EdMedia Commons Archive

City College of San Francisco: the General Motors of American Community Colleges?

Nanette Asimov is the higher education reporter for San Francisco Chronicle. She recently wrote about City College of San Francisco facing closure for her paper. The school enrolls over 90,000 students, making it the largest college in California. She kindly contextualized the news below. 

In California and probably all around the country, community colleges often operate beneath the radar of reporters — and of voters, who know little about the down-ballot elections that can put unknown campaigners and, frankly, some poorly qualified people into the trustees’ seats that run the colleges.

But community colleges are essential institutions that typically enroll more students than the better-known and better-funded state universities. They serve as a critical leg up for low-income students to join the educated middle-class.

With 90,000 full and part-time students, City College of San Francisco is the largest school in California and one of the largest in the country.

Does that make it the General Motors of American community colleges? Too big to fail?

The school has made news in recent years primarily for scandal (a chancellor and other administrators were convicted of misusing college funds) and for news of the weird (the succeeding chancellor proposed selling naming rights for classes to raise funds.) But without day-to-day coverage of this vast school, it came as a surprise to reporters, the public, and many in the college itself when the regional accrediting commission concluded in early July that City College was so poorly run and had ignored warnings for so long that it deserved to close.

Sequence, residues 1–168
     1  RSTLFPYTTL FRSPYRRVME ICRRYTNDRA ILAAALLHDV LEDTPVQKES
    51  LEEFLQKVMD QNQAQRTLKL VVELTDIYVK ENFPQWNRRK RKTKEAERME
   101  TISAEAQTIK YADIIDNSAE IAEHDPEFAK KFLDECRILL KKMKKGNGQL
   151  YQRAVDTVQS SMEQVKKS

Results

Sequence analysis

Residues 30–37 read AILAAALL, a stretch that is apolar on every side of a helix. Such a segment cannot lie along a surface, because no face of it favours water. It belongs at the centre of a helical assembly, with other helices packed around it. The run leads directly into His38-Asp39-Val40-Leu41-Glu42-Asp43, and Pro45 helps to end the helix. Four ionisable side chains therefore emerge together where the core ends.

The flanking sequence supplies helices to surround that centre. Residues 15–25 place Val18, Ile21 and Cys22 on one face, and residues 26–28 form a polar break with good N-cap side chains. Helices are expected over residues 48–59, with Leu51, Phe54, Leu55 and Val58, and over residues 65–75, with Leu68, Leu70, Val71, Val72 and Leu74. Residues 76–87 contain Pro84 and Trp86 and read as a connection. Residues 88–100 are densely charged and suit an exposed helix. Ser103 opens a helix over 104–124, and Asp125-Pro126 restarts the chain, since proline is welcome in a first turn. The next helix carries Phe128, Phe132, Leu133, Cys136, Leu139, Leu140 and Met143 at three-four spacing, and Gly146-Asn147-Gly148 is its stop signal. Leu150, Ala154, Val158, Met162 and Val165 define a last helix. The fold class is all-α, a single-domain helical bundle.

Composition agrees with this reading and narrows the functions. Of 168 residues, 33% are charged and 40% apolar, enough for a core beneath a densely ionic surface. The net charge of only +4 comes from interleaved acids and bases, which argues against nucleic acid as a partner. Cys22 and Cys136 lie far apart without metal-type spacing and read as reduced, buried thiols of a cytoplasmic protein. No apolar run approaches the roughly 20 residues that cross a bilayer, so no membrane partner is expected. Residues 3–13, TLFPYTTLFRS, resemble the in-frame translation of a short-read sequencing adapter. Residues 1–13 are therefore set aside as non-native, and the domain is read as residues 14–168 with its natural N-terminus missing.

City College has until March 15 to prove otherwise. It’s supposed to do that by repairing all 14 substantive problems involving its financial structure, planning procedures, goverance issues, and proper reporting of academic outcomes cited by the commission. If it can’t, the commission is expected to yank its accreditation in June, which would cost City College its public funding under California law.

Yet the college hadn’t addressed its problems in the six years since its previous accreditation evaluation, and now it has eight months to do it — and with little leadership. The contract of its interim chancellor ends in October. The trustees don’t always show up to board meetings. And, as cited in the report, just 40 administrators (actually 39, since one of them was recently fired) are running the nine campuses and 100 to 200 smaller instructional sites.  

The precarious situation raises several questions: What happens if the college is forced to close? Would another school take over, as happened in 2006 when a small community college (Compton) had its accreditation yanked? Other local colleges have troubles of their own, and it isn’t clear if any could step in. It’s possible that some sort of “special trustee” could be assigned to step in and run the show for awhile.

California’s financial woes are such that 2.6 million community college students have been trying to squeeze into shrinking numbers of classrooms since the economic crisis began a few years ago. Where would another 90,000 go if City College shut its doors?

Students, faculty, city residents and politicians don’t accept the idea of closure — yet no one wants to allow poor management to continue. And that’s what the federal accreditation law and its state regulations are designed to prevent.

So City College could lose its accreditation. But what happens between now and then is new ground. Like GM, City College will have to make substantive changes. Still, California’s community college Board of Governors may pull a rabbit out of the hat for the tens of thousands of students who depend on this vast school that, like the car company, is an institution whose vanishing would leave too big a smoldering crater in the ground.

Photo source: Flickr/rick


This post originally appeared on EWA’s now-defunct online community, EdMedia Commons. Old content from EMC will appear in the Ed Beat archives.